Our ChemComm Milestones campaign aims to highlight authors who have published their first independent research article in our journal. We were excited to speak to Hennie Valkenier about her experiences as an emerging author and her #ChemComm1st article: Transmembrane transport of copper(i) by imidazole-functionalised calixarenes.
Read our interview with Hennie here:
What are the main areas of research in your lab and what motivated you to take this direction?
Our main area of research is the development of synthetic transporters for ions and we have a particular interest in the transport of phosphate and phosphorylated compounds, for which I received an ERC starting grant (ORGANITRA). I have always been fascinated by the possibility that chemistry offers to design compounds for any purpose and to then actually synthesise and test these compounds. This process of molecular design, synthesis, and testing allows, firstly, to deepen our understanding of how these compounds function, and secondly, to develop new materials or applications. During my PhD, I worked on organic compounds for applications in molecular electronics. After my PhD, the many health challenges that our society faces and my interest in biological processes prompted me to reorient my research towards supramolecular chemistry. This allowed me to follow my passion to design, synthesise, and study compounds, now with the purpose of transporting ions through lipid bilayers. This research has many fundamental aspects, but also offers perspectives on medical purposes (Chem. Sci. 2019).
Can you set this article in a wider context?
The research efforts on ion transport by synthetic compounds have increased rapidly over the past 20 years. The vast majority of this work focusses on only a limited number of ions (such as Na+, K+, and Cl−), for which the methodology to study the transport process has been well established. The transport of these anions is indeed very important in biology, for instance in signal transduction and homeostasis. However, the transport of other ions, including phosphates and Cu+, also plays a crucial role in biology, while little or no research has been done to try and mimic these processes with synthetic systems. The challenge is that this requires not only the development of compounds that could bind and potentially transport these ions, but also the methodology to study the transport process. Nathan Renier is the first student who had the courage to start a PhD under my supervision and in this ChemComm article we show that it is indeed possible to transport Cu+ through lipid bilayers with synthetic compounds and to monitor this process by fluorescence spectroscopy. These results encouraged us to start exploring the biological effects of Cu+ transporters.
What do you hope your lab can achieve in the coming year?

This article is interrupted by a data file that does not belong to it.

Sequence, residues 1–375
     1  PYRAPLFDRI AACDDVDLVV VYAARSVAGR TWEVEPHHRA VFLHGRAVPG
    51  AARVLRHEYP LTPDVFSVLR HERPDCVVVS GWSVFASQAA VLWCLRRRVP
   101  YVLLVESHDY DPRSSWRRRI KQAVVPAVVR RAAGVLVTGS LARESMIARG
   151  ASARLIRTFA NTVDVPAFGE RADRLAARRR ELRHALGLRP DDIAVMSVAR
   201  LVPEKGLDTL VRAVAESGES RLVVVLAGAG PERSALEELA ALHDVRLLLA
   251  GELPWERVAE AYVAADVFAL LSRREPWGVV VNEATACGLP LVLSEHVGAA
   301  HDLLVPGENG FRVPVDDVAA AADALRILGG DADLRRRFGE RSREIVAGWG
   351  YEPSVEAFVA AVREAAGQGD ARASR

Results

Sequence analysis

First of all, I hope that the different team members can continue to grow as researchers and enjoy discoveries (whatever their scale) and hard work paying off. We also hope to find new synthetic transporters, deepen our understanding of transport processes, and transport challenging ions such as phosphates. And with Nathan and various collaborators we hope to demonstrate that we can transport Cu+ into cells.
Describe your journey to becoming an independent researcher.
I am firstly grateful to all my supervisors for their continuous support combined with the freedom to develop my research projects, to try new things, and pursue ideas even if only some of them turned out well. In Groningen, Kees Hummelen allowed me to reorient my research project and set up collaborations with specialists in the field, to work at the forefront of molecular electronics. In Bristol, Tony Davis has introduced me to the field of supramolecular chemistry and ion transport during the 3 years I worked with him as a postdoc. In his group, I also had the privilege to work with several PhD students, allowing me to gain experience in supervision. Through the “Supramolecular Chemistry in Water” COST network, I met with Kristin Bartik and Gilles Bruylants from Brussels (ULB), whose “Engineering of Molecular NanoSystems” laboratory I joined to look at anion binding and transport from a rather different perspective. They also taught me and supported me in the writing of grant proposals, starting with small grants for equipment, to later arrive at the grant for my permanent research position with the national research council FNRS and an ERC starting grant, which launched my career effectively.
What is the best piece of advice you have ever been given?
When thinking about grant proposals, my colleagues at the ULB told be to dream big. It feels safer to propose a project that is close to what is known to work, but aiming for something that we can currently only dream about is worth the risk. Another very good piece of advice, from Tony Davis, concerns publishing results: Tell a story. Research data is indispensable, but rationalising the trends observed and drawing conclusions that are more general and teach lessons that are also applicable to the research projects of other people is a lot more interesting.
Why did you choose to publish in ChemComm?
ChemComm reaches a very broad audience, which is a great platform for our interdisciplinary research. Furthermore, the clear and concise format of ChemComm is highly suitable for a proof-of-concept article. I also had good experiences with the RSC, in their fair and professional handling of manuscripts. Thus, we were delighted to see Nathan’s first article on Cu+ transport published in ChemComm.
Find Hennie’s work, and other #ChemComm1st articles, in ChemComm Milestones – First Independent Articles.
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